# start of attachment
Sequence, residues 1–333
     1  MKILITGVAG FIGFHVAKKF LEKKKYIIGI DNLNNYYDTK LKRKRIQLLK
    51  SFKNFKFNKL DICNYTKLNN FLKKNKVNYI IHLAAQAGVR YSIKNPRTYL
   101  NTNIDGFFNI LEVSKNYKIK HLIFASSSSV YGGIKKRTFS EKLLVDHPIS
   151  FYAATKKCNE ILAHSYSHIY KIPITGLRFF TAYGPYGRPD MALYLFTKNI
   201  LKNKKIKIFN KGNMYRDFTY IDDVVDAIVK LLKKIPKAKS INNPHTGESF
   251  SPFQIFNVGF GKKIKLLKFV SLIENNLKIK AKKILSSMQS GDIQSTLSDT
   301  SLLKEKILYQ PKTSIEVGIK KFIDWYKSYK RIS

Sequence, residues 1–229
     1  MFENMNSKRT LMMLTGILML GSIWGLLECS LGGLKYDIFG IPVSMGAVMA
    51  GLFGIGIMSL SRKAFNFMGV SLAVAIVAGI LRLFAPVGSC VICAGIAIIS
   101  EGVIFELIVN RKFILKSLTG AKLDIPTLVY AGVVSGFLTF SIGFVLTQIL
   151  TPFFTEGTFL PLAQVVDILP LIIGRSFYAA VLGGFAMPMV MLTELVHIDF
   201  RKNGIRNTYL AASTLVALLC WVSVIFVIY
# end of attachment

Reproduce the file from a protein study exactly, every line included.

Sequence, residues 1–333
     1  MKILITGVAG FIGFHVAKKF LEKKKYIIGI DNLNNYYDTK LKRKRIQLLK
    51  SFKNFKFNKL DICNYTKLNN FLKKNKVNYI IHLAAQAGVR YSIKNPRTYL
   101  NTNIDGFFNI LEVSKNYKIK HLIFASSSSV YGGIKKRTFS EKLLVDHPIS
   151  FYAATKKCNE ILAHSYSHIY KIPITGLRFF TAYGPYGRPD MALYLFTKNI
   201  LKNKKIKIFN KGNMYRDFTY IDDVVDAIVK LLKKIPKAKS INNPHTGESF
   251  SPFQIFNVGF GKKIKLLKFV SLIENNLKIK AKKILSSMQS GDIQSTLSDT
   301  SLLKEKILYQ PKTSIEVGIK KFIDWYKSYK RIS

Sequence, residues 1–229
     1  MFENMNSKRT LMMLTGILML GSIWGLLECS LGGLKYDIFG IPVSMGAVMA
    51  GLFGIGIMSL SRKAFNFMGV SLAVAIVAGI LRLFAPVGSC VICAGIAIIS
   101  EGVIFELIVN RKFILKSLTG AKLDIPTLVY AGVVSGFLTF SIGFVLTQIL
   151  TPFFTEGTFL PLAQVVDILP LIIGRSFYAA VLGGFAMPMV MLTELVHIDF
   201  RKNGIRNTYL AASTLVALLC WVSVIFVIY